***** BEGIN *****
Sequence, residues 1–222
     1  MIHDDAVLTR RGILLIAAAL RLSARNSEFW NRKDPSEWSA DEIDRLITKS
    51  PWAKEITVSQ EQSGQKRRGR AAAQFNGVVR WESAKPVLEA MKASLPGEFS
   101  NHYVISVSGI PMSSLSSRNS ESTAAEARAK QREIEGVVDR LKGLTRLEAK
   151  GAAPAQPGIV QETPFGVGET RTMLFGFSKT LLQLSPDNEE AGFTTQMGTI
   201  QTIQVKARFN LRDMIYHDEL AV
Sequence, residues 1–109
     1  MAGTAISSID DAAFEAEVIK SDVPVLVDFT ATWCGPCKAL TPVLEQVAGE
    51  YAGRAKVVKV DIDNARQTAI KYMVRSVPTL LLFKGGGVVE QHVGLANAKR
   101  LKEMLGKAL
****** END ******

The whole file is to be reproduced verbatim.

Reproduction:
Sequence, residues 1–222
     1  MIHDDAVLTR RGILLIAAAL RLSARNSEFW NRKDPSEWSA DEIDRLITKS
    51  PWAKEITVSQ EQSGQKRRGR AAAQFNGVVR WESAKPVLEA MKASLPGEFS
   101  NHYVISVSGI PMSSLSSRNS ESTAAEARAK QREIEGVVDR LKGLTRLEAK
   151  GAAPAQPGIV QETPFGVGET RTMLFGFSKT LLQLSPDNEE AGFTTQMGTI
   201  QTIQVKARFN LRDMIYHDEL AV
Sequence, residues 1–109
     1  MAGTAISSID DAAFEAEVIK SDVPVLVDFT ATWCGPCKAL TPVLEQVAGE
    51  YAGRAKVVKV DIDNARQTAI KYMVRSVPTL LLFKGGGVVE QHVGLANAKR
   101  LKEMLGKAL